Louisiana Case Clarifies That Some “Exclusive” Pipeline Servitudes May Not Be All That Exclusive

April 17, 2024

On April 10, 2024, Louisiana’s Second Circuit Court of Appeals released an important decision regarding pipeline servitudes. In ETC Tiger Pipeline, LLC v. DT Midstream, Inc. and DTM Louisiana Gathering LLC, No. 55,534-CA, the Court of Appeals reversed the trial court’s decision to grant ETC a temporary restraining order (TRO) and preliminary injunction to prevent the appellants (collectively DTM) from constructing a perpendicular pipeline under a pipeline owned and operated by ETC. Prior to that decision, in 2010, ETC obtained a Servitude of Use for Pipeline, which allowed the company to operate a 42-inch, high-pressure, high-volume natural gas pipeline from Panola County, Texas, through the pipeline servitude in DeSoto Parish, to Richland Parish.

The Dispute: Pipeline Crossings

According to the Second Circuit’s opinion, in 2022, DTM informed ETC that it intended to cross ETC’s pipeline servitude in DeSoto Parish with a 24-inch, 4-mile-long natural gas pipeline. Despite the parties meeting to discuss DTM’s pipeline project, ETC repeatedly objected to DTM’s pipeline route. But after DTM initiated a Louisiana One Call for information to cross ETC’s pipeline servitude and an ETC employee observed staged pipe, ETC filed a petition and sought a TRO, preliminary injunction and permanent injunction against DTM. ETC argued that it had an “exclusive servitude” that prevented all other pipelines from crossing. The servitude granted to ETC, among other things, “an exclusive servitude of use” and provided for the maintenance of “one (1) pipeline for the transmission of natural gas. . . .” ETC also alleged that the DTM pipeline presented a safety and operation risk to ETC’s high-pressure pipeline and would cause immediate and irreparable injury, among other things.

DTM’s opposition explained that it made a good-faith effort to discuss its safety code compliance, construction standards, and industry customs and practices with ETC. DTM also disputed ETC’s supposed “exclusive servitude” and explained that, at the location in question, its pipeline would cross several other adjacent and parallel pipelines. This included not only ETC’s high-pressure pipeline, but also two 12-inch diameter pipelines owned by third parties. DTM’s pipeline would also run approximately 19 feet below the largest pipeline and 25 feet below ETC’s high-pressure pipeline.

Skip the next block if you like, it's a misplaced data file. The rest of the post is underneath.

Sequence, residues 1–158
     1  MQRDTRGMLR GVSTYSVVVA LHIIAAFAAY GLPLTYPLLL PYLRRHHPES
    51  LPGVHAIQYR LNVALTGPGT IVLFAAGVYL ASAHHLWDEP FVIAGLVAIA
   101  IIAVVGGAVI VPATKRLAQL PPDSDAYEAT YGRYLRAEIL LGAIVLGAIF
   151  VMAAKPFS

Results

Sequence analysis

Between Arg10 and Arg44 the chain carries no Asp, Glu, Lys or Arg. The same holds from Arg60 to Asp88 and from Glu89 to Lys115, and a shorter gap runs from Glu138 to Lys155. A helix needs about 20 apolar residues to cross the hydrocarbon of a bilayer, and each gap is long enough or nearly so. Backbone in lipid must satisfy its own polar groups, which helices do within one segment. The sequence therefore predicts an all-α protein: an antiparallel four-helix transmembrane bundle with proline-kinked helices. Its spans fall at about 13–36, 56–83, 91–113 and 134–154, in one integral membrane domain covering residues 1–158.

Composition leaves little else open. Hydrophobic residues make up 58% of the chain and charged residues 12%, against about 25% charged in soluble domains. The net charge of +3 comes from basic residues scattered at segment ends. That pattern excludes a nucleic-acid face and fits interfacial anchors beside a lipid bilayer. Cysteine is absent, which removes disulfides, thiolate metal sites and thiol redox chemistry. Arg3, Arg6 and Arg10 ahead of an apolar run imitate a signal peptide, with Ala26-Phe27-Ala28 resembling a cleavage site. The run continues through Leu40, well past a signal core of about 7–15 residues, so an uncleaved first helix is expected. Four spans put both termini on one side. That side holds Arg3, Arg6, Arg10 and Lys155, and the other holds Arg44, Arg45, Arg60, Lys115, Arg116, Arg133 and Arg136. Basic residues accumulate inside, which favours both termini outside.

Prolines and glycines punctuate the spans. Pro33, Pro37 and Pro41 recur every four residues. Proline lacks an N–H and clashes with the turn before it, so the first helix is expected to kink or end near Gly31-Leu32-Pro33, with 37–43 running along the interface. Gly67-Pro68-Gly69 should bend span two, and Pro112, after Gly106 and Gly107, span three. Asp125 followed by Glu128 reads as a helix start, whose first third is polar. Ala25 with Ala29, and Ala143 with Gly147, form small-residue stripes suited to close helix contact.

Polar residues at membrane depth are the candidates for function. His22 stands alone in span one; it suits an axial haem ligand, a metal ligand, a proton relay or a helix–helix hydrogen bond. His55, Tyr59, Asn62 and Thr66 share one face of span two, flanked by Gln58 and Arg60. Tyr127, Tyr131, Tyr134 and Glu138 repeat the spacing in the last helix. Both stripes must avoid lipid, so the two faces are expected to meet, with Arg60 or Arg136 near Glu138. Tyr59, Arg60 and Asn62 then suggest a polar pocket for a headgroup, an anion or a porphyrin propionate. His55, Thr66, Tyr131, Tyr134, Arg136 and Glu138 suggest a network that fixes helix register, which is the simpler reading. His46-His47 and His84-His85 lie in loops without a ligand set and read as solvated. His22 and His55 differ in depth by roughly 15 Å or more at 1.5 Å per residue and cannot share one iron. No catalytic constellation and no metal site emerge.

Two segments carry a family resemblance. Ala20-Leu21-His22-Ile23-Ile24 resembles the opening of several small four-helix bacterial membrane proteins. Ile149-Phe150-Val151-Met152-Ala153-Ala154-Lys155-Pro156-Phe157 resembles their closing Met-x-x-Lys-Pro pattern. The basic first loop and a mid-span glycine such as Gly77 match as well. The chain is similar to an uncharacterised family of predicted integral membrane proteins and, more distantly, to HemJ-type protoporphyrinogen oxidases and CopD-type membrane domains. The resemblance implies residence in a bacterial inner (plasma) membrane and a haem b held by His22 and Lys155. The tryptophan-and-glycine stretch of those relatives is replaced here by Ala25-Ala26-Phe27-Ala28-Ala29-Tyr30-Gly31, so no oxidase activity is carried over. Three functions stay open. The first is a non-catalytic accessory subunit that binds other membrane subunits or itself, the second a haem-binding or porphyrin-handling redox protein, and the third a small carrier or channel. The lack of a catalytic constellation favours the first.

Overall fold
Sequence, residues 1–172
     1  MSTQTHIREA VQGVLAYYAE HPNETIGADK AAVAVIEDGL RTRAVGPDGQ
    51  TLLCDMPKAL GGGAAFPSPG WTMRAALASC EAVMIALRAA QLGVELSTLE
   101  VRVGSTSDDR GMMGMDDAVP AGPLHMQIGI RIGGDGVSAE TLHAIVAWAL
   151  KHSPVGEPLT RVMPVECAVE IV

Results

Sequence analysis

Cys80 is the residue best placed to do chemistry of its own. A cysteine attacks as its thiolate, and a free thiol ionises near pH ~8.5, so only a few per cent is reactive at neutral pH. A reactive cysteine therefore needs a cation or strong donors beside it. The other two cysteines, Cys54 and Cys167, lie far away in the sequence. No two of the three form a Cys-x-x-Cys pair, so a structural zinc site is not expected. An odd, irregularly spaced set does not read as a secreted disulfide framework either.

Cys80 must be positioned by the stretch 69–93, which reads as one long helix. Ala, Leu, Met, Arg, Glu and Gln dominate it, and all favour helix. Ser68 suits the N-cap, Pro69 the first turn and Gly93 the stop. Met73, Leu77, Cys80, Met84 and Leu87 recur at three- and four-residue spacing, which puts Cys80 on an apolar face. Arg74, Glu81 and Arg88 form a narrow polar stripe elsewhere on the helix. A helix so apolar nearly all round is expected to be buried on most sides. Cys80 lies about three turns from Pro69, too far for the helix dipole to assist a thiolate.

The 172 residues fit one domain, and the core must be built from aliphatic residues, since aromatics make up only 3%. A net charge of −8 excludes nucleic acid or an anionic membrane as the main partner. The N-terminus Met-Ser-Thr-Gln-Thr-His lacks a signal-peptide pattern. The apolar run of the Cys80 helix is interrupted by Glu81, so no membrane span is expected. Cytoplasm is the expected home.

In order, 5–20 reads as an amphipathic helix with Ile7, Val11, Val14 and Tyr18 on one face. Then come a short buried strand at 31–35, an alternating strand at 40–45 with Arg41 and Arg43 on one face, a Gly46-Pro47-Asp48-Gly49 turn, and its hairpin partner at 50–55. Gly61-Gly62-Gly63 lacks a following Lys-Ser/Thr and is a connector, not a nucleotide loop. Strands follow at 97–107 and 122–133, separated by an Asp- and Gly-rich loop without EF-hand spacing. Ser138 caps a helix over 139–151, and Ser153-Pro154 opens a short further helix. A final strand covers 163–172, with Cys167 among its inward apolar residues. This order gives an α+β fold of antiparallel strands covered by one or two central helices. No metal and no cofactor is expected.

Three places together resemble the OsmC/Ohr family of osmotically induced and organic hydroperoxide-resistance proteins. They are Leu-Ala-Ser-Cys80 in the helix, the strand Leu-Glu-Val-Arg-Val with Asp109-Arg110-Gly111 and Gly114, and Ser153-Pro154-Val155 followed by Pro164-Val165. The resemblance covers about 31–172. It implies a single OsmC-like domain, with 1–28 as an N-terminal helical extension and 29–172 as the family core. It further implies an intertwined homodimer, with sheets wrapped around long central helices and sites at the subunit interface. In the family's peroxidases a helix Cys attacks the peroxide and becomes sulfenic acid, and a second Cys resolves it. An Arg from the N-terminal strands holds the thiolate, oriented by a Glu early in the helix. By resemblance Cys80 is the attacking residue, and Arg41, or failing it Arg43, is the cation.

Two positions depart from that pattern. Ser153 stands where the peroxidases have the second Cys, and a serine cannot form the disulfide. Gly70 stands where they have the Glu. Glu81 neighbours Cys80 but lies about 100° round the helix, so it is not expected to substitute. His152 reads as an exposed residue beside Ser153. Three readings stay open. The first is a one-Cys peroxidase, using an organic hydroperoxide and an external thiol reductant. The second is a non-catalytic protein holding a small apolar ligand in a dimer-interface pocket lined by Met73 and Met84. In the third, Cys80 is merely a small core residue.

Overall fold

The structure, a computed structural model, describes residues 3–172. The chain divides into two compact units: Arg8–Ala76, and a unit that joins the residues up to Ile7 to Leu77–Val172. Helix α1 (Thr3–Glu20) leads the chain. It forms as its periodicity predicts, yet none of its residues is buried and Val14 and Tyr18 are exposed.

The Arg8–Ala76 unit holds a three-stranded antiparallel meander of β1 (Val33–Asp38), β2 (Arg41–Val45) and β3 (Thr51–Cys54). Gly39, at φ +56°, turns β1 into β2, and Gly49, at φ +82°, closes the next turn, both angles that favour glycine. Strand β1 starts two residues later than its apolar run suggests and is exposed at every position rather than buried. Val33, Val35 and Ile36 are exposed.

After a hearing, the trial court granted ETC’s preliminary injunction and denied DTM’s preliminary injunction. According to the trial court, ETC’s “exclusive servitude” gave ETC the right to block construction of a crossing pipeline. DTM appealed and argued that ETC’s pipeline servitude did not allow ETC to use an unlimited depth or prevent another pipeline from crossing under ETC’s high-pressure pipeline.

Louisiana Court of Appeals Decision

Louisiana’s Second Circuit Court of Appeals reversed the preliminary injunction against DTM. In reaching that decision, the court concluded that ETC’s pipeline servitude was a “personal servitude of right” — allowing a specified use of an estate less than full enjoyment — rather than a “predial servitude” — a charge on a servient estate for the benefit of a dominant estate. Compare La. C.C. art. 639, with La. C.C. art. 646.; see also id. art. 720, art. 730. It did so because, in Louisiana, a predial servitude necessarily involves two estates: a servient estate and a dominant estate. But rather than involve a servient and dominant estate, ETC’s pipeline servitude simply represented a right of use.

The Second Circuit next addressed ETC’s claim — and the trial court’s decision — that ETC’s pipeline servitude was “exclusive.” The Second Circuit disagreed, concluding that the servitude’s single use of the word “exclusive” did not convey to ETC the sole right to construct a pipeline at any depth underground — particularly when the servitude is silent regarding depth. The Second Circuit also explained that under the one-pipeline provision of ETC’s pipeline servitude, ETC could not lay a second pipeline below its existing high-pressure pipeline. Finally, the Second Circuit concluded that ETC’s pipeline servitude did not authorize ETC to prohibit underground crossings at safe depths.

Takeaways for All Jurisdictions

The Second Circuit’s decision stands for the proposition that the holder of a pipeline personal servitude of right — at least in Louisiana — may not act as a bouncer to some exclusive property club. From a Louisiana policy perspective, the concurring opinion rejected the notion that, “through silence and/or ambiguity in an agreement, a landowner should be deprived of the rights of ownership and that the oil and gas industry should effectively be disrupted regarding the ability to construct and maintain necessary pipelines in Louisiana for transmission of oil and natural gas.”

But pipeline operators in all jurisdictions should be mindful of several issues following the Second Circuit’s decision. First, pipeline operators must ensure that pipeline crossings take place at safe distances. Second, pipeline operators should be mindful that crossing agreements can better provide boundaries to protect both companies should an issue arise. Finally, new or renegotiated easement and right-of-way agreements should consider clearance depth and the potential benefits of depth separation limits.